A few months back I wrote an article about how Microsoft and Google were about to go head to head in search and detailed Microsoft’s plans to take on Google’s online marketing monopoly using display advertising. A few things have changed since then and it’s time to re-visit the battle.
Since that article, the much-hyped Microsoft-Yahoo! deal has fallen through (most probably for good now) and Yahoo! have signed an $800 million non-exclusive search advertising deal with Google that will see Google ads appearing in Yahoo!’s search results.
This deal basically means that Microsoft is really the only player left who can seriously have a tilt at Google. All the other players are either too small to be a genuine threat or have some vested interest in Google.
Yahoo! is now one of the latter. The problem that Yahoo! has is that by signing this deal, they have effectively conceded the search advertising war to Google, who maintain a massive market share of around 80%.
However, it’s important to note that this is not the first time that Yahoo! have outsourced to Google. Google supplied Yahoo!’s search results from 2000 to 2004 before Yahoo! engineered their own search engine. Microsoft’s MSN search was likewise outsourced for a number of years to LookSmart, Inktomi and AltaVista before they too decided to create their own engine in late 2004.
So while most consumers believe that Yahoo and MSN have been in the search game for years, and are regarded as the two ‘other players’ in the ‘Big 3,’ both have really only been producing their own search results for about four years. And now that Yahoo have gone back to Google for search engine advertising, it raises questions about whether or not even Yahoo! think they can match it with Google’s AdWords program.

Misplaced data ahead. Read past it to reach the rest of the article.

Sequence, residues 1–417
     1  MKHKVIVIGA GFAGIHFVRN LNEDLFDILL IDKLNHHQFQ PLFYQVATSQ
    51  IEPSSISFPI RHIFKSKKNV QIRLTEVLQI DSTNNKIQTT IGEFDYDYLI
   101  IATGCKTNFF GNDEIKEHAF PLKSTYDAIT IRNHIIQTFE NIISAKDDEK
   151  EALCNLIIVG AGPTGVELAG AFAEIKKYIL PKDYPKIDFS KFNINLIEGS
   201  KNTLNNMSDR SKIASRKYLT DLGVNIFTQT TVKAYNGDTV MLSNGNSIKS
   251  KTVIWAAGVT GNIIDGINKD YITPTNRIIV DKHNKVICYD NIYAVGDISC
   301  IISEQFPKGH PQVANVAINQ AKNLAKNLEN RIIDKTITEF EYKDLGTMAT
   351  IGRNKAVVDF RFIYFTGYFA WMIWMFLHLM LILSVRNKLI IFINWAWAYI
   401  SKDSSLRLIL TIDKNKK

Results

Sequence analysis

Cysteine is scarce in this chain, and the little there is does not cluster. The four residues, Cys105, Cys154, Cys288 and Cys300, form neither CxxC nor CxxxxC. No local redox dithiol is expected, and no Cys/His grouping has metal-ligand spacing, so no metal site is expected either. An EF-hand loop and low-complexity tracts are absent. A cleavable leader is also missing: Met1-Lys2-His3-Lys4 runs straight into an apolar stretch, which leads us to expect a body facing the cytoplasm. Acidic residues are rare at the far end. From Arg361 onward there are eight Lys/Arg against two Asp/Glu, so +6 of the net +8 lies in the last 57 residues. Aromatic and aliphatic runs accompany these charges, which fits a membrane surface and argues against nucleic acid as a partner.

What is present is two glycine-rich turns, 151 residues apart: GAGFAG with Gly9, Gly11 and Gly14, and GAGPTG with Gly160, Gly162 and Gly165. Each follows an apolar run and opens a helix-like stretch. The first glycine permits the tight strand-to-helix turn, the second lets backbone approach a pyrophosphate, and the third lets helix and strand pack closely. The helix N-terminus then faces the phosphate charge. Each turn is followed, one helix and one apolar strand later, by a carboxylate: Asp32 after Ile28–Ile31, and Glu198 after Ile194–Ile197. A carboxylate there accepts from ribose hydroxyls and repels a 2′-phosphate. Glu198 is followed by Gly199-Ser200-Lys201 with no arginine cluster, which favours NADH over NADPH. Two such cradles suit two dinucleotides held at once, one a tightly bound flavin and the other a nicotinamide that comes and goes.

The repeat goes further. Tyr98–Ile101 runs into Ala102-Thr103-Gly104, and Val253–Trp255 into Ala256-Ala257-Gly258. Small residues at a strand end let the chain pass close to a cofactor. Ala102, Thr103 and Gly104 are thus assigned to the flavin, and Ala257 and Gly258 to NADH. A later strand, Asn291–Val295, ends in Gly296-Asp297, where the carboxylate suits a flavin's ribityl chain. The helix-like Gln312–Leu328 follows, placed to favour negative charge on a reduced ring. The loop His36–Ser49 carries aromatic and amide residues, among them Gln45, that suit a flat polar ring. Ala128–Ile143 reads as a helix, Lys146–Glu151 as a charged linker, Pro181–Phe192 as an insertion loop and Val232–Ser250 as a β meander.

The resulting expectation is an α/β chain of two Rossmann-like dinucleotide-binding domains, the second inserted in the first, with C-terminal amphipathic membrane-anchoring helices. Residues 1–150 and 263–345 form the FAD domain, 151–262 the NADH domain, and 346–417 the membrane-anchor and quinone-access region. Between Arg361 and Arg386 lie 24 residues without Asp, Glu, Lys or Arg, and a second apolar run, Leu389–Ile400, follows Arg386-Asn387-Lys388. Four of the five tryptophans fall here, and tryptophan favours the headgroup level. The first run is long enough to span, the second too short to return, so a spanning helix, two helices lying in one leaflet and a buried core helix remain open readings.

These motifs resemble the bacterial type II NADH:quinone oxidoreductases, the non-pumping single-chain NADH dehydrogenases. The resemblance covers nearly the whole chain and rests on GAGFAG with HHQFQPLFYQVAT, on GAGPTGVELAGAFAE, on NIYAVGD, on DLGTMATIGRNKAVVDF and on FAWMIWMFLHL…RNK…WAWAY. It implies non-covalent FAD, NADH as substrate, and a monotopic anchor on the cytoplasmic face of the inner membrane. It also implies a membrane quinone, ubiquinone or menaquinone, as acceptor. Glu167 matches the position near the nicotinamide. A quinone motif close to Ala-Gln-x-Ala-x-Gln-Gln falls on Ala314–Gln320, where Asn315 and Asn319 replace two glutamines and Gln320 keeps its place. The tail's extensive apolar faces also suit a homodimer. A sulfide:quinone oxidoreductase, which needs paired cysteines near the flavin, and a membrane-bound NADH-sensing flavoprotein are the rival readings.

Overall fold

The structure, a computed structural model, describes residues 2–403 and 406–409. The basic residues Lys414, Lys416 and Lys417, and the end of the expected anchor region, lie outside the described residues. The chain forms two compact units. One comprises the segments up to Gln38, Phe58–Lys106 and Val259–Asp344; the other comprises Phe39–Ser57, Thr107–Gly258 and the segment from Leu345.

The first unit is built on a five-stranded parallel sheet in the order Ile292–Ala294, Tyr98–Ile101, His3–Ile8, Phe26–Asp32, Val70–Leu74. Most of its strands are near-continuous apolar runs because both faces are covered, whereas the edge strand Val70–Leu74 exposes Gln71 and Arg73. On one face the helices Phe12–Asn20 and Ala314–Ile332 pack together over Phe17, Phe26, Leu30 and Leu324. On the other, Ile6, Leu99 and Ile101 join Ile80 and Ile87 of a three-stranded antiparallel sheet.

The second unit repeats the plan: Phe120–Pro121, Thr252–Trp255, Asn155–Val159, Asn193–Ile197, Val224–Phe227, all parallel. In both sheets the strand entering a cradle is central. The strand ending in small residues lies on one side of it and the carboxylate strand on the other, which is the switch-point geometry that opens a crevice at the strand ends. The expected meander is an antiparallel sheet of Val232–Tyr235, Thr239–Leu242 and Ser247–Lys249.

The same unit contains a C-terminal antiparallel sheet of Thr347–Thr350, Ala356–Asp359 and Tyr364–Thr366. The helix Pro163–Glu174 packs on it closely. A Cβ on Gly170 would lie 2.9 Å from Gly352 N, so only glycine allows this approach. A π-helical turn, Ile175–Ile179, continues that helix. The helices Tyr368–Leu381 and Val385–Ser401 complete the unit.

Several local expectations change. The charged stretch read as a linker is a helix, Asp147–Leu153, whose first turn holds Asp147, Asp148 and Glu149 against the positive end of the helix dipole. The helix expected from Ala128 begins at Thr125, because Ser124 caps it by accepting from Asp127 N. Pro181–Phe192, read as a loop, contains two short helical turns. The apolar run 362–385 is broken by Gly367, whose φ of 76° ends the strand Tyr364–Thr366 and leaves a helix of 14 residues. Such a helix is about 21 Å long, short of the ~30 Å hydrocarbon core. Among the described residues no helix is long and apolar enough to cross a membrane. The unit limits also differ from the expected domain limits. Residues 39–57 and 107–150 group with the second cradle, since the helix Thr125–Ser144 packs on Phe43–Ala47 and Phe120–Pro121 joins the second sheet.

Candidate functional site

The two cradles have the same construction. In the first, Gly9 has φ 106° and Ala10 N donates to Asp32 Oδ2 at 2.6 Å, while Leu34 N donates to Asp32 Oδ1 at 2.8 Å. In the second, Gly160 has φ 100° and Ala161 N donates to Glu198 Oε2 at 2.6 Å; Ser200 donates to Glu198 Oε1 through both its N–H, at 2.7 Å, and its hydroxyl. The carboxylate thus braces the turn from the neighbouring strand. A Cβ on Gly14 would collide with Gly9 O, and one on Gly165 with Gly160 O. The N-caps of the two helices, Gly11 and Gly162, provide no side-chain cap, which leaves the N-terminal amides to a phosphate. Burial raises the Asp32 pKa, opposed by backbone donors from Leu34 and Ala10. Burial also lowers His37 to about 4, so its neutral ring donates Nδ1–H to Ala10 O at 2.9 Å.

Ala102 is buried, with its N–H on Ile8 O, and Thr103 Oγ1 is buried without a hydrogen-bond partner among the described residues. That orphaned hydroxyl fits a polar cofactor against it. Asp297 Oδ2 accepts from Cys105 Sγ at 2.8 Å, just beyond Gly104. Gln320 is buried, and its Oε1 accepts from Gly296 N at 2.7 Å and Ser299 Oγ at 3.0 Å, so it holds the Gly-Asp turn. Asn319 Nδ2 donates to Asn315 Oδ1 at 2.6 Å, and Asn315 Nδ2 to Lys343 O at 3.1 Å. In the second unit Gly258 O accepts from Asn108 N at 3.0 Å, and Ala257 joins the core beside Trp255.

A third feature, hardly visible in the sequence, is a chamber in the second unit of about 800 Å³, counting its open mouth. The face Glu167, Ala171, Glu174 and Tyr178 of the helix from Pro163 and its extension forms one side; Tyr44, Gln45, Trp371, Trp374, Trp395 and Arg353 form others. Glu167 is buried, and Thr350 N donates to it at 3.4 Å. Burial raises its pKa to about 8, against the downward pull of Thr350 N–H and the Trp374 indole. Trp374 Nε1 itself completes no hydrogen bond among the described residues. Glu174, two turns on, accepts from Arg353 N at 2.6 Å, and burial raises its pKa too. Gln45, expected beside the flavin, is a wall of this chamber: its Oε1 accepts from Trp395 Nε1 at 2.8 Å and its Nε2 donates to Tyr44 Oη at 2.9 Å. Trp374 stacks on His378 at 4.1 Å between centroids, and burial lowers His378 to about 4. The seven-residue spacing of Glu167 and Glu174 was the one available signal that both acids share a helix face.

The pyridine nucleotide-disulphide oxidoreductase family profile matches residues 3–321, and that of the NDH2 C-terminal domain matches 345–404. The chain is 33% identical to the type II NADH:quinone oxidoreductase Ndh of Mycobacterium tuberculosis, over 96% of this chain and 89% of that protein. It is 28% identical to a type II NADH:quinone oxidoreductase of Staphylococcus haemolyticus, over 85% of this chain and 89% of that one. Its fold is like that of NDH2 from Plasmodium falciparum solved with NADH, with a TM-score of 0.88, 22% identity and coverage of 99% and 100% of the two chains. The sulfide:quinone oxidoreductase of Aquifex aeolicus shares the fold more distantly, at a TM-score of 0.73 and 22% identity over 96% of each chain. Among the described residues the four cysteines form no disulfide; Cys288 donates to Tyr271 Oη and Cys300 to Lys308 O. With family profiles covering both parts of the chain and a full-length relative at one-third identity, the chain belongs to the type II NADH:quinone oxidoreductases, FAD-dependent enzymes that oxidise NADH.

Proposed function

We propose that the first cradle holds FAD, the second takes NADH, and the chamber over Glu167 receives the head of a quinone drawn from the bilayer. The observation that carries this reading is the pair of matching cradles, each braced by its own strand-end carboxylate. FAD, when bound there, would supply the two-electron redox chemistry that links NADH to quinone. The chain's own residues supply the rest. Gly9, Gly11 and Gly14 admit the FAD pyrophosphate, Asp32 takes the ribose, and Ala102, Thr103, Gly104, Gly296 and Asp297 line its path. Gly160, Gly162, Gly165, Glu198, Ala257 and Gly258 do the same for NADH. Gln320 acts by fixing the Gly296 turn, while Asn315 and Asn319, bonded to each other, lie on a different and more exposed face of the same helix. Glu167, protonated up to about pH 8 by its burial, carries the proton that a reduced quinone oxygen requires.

Which brings us back to Microsoft as the only player who has not got some interest in Google’s success. There are a couple of signs that suggest Microsoft may be planning an assault on the Google fortress. The first is the breakaway of the MSN search engine to the Live search engine which operates on a cleaner search-oriented feel (much like Google’s) as opposed to the web portal style of MSN and Yahoo!. This move has allowed Microsoft to frame its Live search as a separate entity that is focused on search, something that Google used very early on to gain credibility.
The announcement of Microsoft’s plans to take on the realm of display advertising is another indication that Microsoft is mobilising its forces. Microsoft AdCenter, while currently no match for the AdWords juggernaut, is in a prime position to receive a makeover and move rapidly into the display advertising field.
However, if Microsoft plan to seriously take on Google they need to move quickly as Google’s acquisitions of DoubleClick, and to a lesser extent YouTube, suggest that Google is keen to move in on this new market as well.
So, whilst there is no doubt that Google is by far and away the leader in terms of market share for both search queries and advertising dollars, there are signs emerging that suggest the Microsoft giant is not ready to lose the search war just yet, although they have to be ready for a long battle if they want to pinch the crown.
Round Two – Google Knockout… but is there movement on the canvas?